At this point, I must suggest an alternative. Well if you're a moderate religious person, not much changes. You accept that because you can't show a God to exist, such a being most probably doesn't exist and you stop relying on faith. If you're a fundamentalist person... well, a lot will have to change. If religion is truly replaced, it must be replaced by something that will not allow the same mistakes, that does not allow faith. It must be replaced... by science, or at least a scientific way of looking at the world.

I'm sure that at this point "religion and science are compatible" will come up, but I'll save that for my reply.

I've kept this first post as short and concise as possible, simply because we might yet need to work on some definitions and basic concepts, so too large a first post might only confuse. They will most certainly get longer after the first few replies. I hope you all enjoyed reading and I sure hope I was coherent enough. Gramarye, the floor is all yours.
---------------------------------------------------------------------------------------------------------------------------------------------------------------------------------------------------------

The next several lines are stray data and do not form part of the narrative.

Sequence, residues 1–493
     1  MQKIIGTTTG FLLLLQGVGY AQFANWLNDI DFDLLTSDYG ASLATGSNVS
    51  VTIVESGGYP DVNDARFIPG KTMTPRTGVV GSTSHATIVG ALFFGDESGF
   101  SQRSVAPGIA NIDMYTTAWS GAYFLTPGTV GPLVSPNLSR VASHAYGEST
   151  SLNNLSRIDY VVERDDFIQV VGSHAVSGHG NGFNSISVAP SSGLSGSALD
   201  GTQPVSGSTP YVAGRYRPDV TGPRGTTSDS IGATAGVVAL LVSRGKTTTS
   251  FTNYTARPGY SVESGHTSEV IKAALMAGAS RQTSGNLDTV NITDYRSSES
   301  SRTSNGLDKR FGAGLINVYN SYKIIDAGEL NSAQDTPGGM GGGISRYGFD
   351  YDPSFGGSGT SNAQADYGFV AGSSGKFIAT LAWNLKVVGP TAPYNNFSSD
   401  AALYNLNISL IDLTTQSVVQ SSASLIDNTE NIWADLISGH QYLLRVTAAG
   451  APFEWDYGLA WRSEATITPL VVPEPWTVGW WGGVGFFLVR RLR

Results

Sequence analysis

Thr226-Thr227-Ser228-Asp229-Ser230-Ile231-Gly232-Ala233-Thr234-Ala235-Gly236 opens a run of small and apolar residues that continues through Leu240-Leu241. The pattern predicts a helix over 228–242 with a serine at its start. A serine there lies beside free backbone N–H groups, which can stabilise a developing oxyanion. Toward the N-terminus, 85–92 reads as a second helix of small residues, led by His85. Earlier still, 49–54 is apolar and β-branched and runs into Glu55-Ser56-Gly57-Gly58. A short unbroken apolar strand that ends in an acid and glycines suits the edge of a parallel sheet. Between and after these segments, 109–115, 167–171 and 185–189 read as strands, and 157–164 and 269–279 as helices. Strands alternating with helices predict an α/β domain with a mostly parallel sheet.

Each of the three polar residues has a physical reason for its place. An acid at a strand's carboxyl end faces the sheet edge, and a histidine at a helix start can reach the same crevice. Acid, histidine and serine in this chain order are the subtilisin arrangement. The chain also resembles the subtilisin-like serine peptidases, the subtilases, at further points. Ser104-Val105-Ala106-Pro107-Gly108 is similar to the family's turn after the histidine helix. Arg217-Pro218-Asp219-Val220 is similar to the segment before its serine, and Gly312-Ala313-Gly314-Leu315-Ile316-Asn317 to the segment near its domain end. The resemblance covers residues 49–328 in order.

I claimed that:
The 9/11 attackers shouted "Allah Akbar!" and that Maj. Hasan did the same thing
Women are oppressed in Islamic countries
Homosexuals were executed in Iran
The justice system in many Islamic countries is abhorrent

The Church is against condoms
The Church does not recognize homosexual marriage
The Church helped Nazis flee

I claimed that religious moderation is a bad thing:
Richard Dawkins on why "moderate" religion does not deserve respect.
Moderate Religion , Two lies in one.
"Sometimes people don't want to hear the truth because they don't want their illusions destroyed." ― Friedrich Nietzsche

"I shall achieve my objectives through the power... of Science!" --LessWrong
Tue Jan 03, 2012 12:37 am
GramaryeUser avatarPosts: 26Joined: Wed Dec 21, 2011 5:18 pm Gender: Female

Post Re: Debate: "Religion is an evil that needs to be addressed"

Ok, my first time at this but I'll give it my best shot.

Religion is an evil in the world with a lot of followers and if we are to have a better world, we need to address this evil.
I think the first part of the argument, that religion does indeed do evil that affects us all, is all too easily proven